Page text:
The design of the gas-distributing system 30 can be critical for obtaining desirable high water-removal rates, for example—in the instance of dewatering a paper web in accordance with the present invention—up to 150 pounds per square foot per hour (lb/ft2·hr) and higher. Not only a resulting open area of the discharge outlets 39, in relation to an impingement area of the material 60, is important, but also a pattern of distribution of the discharge outlets 39 throughout the impingement area of the material 60. As used herein, the term “resulting open area,” designated as “ΣA,” refers to a combined open area formed by all individual open areas A of the outlets 39 together, in relation to a certain area of the material 60. An area of a portion of the material 60 impinged upon by the oscillatory flow-reversing impingement field corresponding to the resulting open area ΣA at any moment of the continuous process is designated herein as an “impingement area E.” The impingement area E can be calculated as E=RH, where R is a length of the impingement area E (FIG. 1), and H is a width of the material 60 (FIGS. 9 and 11). The distance R is defined by the geometry of the gas-distributing system 30, specifically by a machine-directional dimension of the pattern of the plurality of the discharge outlets 39, as best shown in FIG. 1. The impingement area E is, in other words, an area corresponding to a region outlined by the pattern of the plurality of the discharge outlets 39. A relationship between the resulting open area ΣA and the impingement area E can be defined by a ratio ΣA/E, which may, in some embodiments, be from 0.002 to 1.000, and more specifically from 0.005 to 0.200.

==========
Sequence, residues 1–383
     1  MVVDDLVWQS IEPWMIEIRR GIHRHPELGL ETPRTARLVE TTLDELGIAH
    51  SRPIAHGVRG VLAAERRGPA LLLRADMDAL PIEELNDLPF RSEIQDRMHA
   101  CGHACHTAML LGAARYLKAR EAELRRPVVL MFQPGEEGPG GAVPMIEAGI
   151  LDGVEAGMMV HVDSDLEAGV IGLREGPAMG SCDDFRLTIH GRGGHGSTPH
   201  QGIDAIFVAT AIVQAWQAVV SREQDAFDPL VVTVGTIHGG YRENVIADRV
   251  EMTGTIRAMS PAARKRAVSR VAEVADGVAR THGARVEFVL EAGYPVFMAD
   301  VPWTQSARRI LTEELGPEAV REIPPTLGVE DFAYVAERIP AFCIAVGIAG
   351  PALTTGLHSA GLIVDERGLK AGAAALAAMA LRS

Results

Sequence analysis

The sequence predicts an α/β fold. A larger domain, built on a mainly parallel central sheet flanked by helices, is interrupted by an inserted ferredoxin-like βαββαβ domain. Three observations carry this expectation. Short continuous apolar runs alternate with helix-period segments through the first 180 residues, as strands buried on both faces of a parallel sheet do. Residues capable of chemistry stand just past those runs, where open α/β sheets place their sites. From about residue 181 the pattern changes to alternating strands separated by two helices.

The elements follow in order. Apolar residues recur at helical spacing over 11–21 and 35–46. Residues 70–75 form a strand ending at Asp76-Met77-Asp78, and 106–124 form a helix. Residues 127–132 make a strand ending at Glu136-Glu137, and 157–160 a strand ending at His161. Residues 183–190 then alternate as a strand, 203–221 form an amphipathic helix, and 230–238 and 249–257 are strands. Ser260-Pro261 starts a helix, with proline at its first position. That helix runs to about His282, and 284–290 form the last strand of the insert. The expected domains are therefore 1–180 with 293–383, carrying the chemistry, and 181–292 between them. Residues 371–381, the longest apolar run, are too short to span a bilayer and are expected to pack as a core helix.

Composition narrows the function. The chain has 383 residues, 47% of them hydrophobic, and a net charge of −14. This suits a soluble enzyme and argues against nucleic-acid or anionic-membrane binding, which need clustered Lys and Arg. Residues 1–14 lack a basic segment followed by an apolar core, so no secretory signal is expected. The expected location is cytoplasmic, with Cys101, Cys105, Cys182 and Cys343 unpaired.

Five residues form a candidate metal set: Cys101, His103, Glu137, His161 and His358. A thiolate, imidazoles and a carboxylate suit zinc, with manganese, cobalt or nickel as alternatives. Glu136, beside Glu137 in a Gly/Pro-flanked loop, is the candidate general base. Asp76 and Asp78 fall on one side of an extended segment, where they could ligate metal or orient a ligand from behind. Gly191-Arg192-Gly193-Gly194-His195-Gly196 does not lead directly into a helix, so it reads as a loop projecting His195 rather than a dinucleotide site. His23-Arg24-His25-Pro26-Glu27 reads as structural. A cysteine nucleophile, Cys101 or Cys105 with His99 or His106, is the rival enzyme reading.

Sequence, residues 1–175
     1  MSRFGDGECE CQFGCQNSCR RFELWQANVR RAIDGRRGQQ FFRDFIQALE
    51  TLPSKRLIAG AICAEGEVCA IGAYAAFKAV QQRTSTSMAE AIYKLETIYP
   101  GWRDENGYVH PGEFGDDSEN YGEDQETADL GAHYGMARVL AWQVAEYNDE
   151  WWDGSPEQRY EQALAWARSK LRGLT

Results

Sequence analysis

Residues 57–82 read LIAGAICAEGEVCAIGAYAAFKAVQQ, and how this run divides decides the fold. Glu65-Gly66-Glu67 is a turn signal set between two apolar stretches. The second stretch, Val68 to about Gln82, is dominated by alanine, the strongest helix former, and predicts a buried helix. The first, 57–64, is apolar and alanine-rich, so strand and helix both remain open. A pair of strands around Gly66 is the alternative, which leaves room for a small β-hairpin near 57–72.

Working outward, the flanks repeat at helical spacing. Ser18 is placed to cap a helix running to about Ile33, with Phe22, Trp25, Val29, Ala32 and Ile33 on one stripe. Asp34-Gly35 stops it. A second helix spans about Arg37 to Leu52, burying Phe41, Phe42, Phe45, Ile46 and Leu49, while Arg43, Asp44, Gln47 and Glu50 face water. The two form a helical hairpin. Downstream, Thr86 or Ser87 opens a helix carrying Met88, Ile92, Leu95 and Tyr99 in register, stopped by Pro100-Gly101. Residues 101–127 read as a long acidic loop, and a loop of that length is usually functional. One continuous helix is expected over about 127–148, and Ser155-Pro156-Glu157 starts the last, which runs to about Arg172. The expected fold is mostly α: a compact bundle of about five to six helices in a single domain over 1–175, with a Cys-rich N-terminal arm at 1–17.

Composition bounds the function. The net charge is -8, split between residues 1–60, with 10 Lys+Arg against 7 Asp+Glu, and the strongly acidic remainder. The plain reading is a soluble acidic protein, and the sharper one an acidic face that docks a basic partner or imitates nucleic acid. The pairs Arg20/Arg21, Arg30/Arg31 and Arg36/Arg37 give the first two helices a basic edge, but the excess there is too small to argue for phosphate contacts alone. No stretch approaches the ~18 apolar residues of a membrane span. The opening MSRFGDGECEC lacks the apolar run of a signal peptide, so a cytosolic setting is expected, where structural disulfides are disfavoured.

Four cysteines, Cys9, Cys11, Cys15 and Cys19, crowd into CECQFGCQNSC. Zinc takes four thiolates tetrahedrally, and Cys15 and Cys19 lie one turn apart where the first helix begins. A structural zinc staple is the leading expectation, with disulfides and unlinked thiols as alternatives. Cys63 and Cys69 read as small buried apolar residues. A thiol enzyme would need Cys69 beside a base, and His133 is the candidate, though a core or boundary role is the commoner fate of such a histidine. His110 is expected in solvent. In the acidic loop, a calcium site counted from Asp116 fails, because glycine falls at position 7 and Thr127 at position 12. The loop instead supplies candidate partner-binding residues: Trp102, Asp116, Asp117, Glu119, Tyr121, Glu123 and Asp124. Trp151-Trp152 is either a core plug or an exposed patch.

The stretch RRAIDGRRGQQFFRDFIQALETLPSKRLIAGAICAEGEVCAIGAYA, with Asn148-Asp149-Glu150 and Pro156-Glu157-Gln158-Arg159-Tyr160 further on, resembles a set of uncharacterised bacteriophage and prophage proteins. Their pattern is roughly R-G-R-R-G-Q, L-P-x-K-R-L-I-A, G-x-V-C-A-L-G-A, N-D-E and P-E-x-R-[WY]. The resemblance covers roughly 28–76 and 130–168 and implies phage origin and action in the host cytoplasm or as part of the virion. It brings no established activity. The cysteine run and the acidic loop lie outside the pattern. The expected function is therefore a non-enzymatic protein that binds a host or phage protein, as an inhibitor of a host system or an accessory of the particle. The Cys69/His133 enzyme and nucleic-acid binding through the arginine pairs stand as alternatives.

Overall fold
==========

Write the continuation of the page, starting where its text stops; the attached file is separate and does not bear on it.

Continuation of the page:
For example, for the material 60 comprising a paper web having moisture content from about 10% to about 60%, the water-removal rates are higher than 25-30 lb/ft2·hr. More specifically, the water-removal rates are higher than 50-60 lb/ft2·hr., and in some embodiments, even higher than 75 lb/ft2·hr. In order to achieve the desired water-removal rates for the material 60, the oscillatory flow-reversing impingement gas should preferably form an oscillatory “flow field” substantially uniformly contacting the material 60 throughout the surface of the material 60, at the impingement area E. The oscillatory field can be created when the flow of the oscillatory gas from the gas-distributing system 30 is substantially equally split and impinged onto the drying surface of the material 60 through a network of the discharge outlets 39. Also, temperature control of the oscillatory impingement gas within the gas-distributing system 30 may be necessary due to possible density effects within the pulse combustor 21 and the gas-distributing system 30. Control of the gas temperature at the exit from the gas-distributing system 30 through the discharge outlet(s) 39 is desirable because it helps one to control the water-removal rates in the process. One skilled in the art will appreciate that control of the gas temperature can be accomplished by the use of water-cooled jackets or air/gas-cooling of the outside surfaces of the pulse combustor 21 and the gas-distributing system 30. Pressurized cooling air and heat-transfer fins may also be used to control the gas temperature at the discharge outlets 39 and to recover heat in the pulse combustor 21, as well as to control the location of the combustion flame front in the resonance tube(s) 15.